The Applegate Valley an emerging American fine wine AVA

Small Names, Big Wines

For decades I’ve been enjoying wines from Cahors, Madiran, Sardegna, Corsica, the Languedoc, Provence, Puglia, Romagna, Sicilia, Marche, Campania, Calabria, Basilicata and on and on. Delicious wines crafted to bring pleasure to your life — to make it better. Now I’m making wine in the Applegate Valley of Southern Oregon and it feels good to be part of that club.

So many winemaking regions aspire to be Burgundy, Bordeaux, Champagne — and now Napa because that’s where the big money and points are, but, as famous and expensive as they are, they are not where the soul of wine is to be found. Just a few decades ago you were not likely to find the wines from Cahors and the other regions I mentioned above, and their many cousins, outside of the regions where they were produced, but today they’re almost everywhere. I’m aspiring to join them.

There are certain pleasures and freedoms in making wine in a no-name appellation from varieties never likely to become fighting varietals. First among those freedoms is the privilege of taking real risks that have the potential to make your wines better. First among those pleasures is being able to sell your wines at a moderate price — in making wines people can afford to drink.

When you have no star power there are no multi-million dollar auctions with celebrities, no obsessed collectors willing to pay (or actually hoping to pay) outrageous sums for the privilege to possess a few bottles. There are only people looking to enjoy your wines with friends and family. To pull a cork from a bottle of your wine with anything from a Wednesday night cheeseburger to a special birthday party with friends. There is no ceremony when your corks are pulled as everyone is just having too good of a time with each other.

There is something that really feels good about making wine for, well, people.

As pretentious and high-profile as expensive wine imbibing can be, most of the world’s wines are industrial plonk, nothing more than beverage alcohol. Our big wine stores are full of these wines. You go to a grocery store and there is row upon row of chardonnays (or cabernet or merlot or pinot noir), but in reality, they are all more-or-less the same wine. In fact, sometimes they literally are the same wine despite sporting different labels. The truth is in the world of wines the ones that offer the most pleasure, individuality and affordability are the bottles from places you may not have heard of, not from the names that are famous for being powerful brands or for being objects of desire for those with unlimited funds.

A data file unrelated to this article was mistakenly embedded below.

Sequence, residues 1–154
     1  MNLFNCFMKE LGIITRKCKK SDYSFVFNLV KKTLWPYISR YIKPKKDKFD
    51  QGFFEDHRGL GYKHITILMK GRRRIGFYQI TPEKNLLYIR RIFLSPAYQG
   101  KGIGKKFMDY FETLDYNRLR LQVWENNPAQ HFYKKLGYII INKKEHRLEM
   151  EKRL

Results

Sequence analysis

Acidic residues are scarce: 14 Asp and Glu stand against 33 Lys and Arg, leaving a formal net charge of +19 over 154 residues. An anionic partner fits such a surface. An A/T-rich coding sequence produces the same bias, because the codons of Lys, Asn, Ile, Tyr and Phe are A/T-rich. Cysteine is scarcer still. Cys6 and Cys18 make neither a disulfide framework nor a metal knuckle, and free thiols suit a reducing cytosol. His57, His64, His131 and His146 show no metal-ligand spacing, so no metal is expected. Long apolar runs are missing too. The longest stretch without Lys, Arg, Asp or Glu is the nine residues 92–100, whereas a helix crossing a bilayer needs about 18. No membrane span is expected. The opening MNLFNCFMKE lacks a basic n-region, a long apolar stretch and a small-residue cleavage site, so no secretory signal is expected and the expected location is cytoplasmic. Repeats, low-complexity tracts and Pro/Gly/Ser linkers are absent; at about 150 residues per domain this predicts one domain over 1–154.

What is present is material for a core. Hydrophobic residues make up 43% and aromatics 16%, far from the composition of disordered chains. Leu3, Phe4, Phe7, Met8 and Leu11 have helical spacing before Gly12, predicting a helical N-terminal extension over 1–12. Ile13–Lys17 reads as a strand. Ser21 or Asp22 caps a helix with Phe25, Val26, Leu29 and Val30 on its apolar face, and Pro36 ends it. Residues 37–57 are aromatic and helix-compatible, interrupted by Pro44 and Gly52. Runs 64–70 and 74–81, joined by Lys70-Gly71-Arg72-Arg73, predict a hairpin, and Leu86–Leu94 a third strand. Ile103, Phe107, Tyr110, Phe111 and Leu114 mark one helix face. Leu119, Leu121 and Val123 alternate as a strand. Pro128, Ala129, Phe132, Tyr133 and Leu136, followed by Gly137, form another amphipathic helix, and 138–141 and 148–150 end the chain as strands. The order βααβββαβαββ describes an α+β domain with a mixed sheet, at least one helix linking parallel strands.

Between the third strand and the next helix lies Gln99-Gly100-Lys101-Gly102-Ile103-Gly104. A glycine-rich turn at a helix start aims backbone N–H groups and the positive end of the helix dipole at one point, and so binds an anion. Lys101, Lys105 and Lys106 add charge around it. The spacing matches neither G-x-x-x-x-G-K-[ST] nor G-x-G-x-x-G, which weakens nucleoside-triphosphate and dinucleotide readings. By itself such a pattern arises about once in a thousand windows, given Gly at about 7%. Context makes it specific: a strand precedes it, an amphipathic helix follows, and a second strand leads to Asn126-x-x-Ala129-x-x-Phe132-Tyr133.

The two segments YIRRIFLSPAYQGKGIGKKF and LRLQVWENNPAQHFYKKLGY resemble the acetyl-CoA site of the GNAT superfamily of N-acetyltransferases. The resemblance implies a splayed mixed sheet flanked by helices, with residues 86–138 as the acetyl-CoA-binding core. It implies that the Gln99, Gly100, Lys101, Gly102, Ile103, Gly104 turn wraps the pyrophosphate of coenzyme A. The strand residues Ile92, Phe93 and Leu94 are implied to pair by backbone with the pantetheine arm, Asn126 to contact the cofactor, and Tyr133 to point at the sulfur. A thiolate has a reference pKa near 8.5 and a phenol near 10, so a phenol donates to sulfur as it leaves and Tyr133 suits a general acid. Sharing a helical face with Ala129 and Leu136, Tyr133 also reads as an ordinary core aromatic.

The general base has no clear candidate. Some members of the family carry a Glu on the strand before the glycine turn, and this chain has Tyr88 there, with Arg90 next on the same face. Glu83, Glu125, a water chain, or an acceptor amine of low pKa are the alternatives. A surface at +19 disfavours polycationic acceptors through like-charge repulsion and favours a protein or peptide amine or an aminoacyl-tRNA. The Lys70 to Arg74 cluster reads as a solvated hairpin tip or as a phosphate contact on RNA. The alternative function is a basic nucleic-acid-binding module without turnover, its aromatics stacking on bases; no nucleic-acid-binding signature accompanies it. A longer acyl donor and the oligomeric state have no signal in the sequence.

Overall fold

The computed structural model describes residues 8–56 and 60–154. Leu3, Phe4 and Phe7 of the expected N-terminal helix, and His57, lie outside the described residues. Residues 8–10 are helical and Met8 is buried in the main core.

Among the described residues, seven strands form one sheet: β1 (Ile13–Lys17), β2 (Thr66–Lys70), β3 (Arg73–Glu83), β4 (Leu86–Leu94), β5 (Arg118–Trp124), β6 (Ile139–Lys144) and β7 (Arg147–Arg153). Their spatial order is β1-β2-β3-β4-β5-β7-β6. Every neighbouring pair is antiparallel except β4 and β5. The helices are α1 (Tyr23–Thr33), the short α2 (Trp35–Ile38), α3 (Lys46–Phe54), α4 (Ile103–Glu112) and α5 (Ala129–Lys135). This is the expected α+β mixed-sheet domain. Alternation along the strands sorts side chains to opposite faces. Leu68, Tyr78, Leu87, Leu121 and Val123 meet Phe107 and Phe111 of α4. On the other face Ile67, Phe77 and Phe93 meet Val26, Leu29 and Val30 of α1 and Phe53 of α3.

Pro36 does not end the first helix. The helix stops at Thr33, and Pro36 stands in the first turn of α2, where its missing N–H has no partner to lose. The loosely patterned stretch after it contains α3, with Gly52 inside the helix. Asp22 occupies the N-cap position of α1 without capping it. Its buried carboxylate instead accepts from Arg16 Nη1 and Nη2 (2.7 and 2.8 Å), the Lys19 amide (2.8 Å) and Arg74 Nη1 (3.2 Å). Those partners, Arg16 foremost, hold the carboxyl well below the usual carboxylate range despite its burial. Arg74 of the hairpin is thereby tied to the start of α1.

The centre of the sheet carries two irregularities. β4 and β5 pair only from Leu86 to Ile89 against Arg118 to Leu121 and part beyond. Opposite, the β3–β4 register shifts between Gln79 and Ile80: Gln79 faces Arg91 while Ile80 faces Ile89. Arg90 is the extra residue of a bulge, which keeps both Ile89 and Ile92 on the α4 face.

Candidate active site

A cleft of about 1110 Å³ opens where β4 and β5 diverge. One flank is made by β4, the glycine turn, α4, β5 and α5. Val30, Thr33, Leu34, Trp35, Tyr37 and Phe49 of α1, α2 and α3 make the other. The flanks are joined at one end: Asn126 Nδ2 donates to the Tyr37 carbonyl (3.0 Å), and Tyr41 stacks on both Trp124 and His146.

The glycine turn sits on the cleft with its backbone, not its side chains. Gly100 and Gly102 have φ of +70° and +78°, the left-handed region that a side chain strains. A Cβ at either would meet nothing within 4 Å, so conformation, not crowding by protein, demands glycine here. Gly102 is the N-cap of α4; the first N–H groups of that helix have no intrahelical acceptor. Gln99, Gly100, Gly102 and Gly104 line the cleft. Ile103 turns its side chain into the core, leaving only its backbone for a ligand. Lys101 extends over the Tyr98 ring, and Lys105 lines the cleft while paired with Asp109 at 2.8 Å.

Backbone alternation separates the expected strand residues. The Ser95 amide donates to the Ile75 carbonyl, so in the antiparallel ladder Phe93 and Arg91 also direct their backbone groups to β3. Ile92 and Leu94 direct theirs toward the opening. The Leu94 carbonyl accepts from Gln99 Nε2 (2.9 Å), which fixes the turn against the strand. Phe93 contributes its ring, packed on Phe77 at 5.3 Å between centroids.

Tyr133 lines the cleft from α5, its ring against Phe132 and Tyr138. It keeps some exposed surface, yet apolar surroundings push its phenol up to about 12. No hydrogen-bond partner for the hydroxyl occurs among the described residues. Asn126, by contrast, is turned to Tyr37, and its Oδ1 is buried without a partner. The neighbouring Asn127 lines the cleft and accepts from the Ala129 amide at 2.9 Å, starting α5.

In-between the plonk and the pretense is real wine. I am not talking about cheap wine here. These are wines the sell from about $15 to about $50. They are expensive wines for the majority of wine drinkers and they have a right to expect something made with integrity and passion. These are unknown emotions in industrial wines and surprisingly rare in expensive ones. It’s not about funny labels or big points, it’s about bringing pleasure into people’s lives.

Now the Applegate Valley is not Madiran or Sardegna or places like that that have had decades, if not centuries, to understand their soils and varieties. These places know who they are and we are still learning. However, these older regions are now making far better wines than they did a few decades ago due to advances in viticulture and enology. We’re very lucky as they had to wait for generations to take advantage of this knowledge and we get to use it all right now. We can improve our wines more quickly as we stand on the shoulders of giants.

Why are we focused on varieties like vermentino, tannat and malbec? It’s simple. These are the right varieties for our soils and climate and they make better wines than easier to sell choices like pinot or cabernet. You have to make a choice. To me, it’s an easy one. If you want to bring real pleasure to peoples lives your wines have to have personalities as interesting as the people that drink them.

What makes a wine great? New oak, power, price, big bottles, wood cases and fame? Not anymore. Maybe thirty years ago there was a wide gap between a few famous place names and the rest of the wines produced, which were often no more than rustic country wines for locals. This is no longer true. The gap has not only closed, but today those once rustic country wines can actually surpass the old guard in quality.

It’s a new world of wine. I’m glad to be part of it. In-between the plonk and the pretense is real wine — real wine, real life, real pleasure.

Drink it up.

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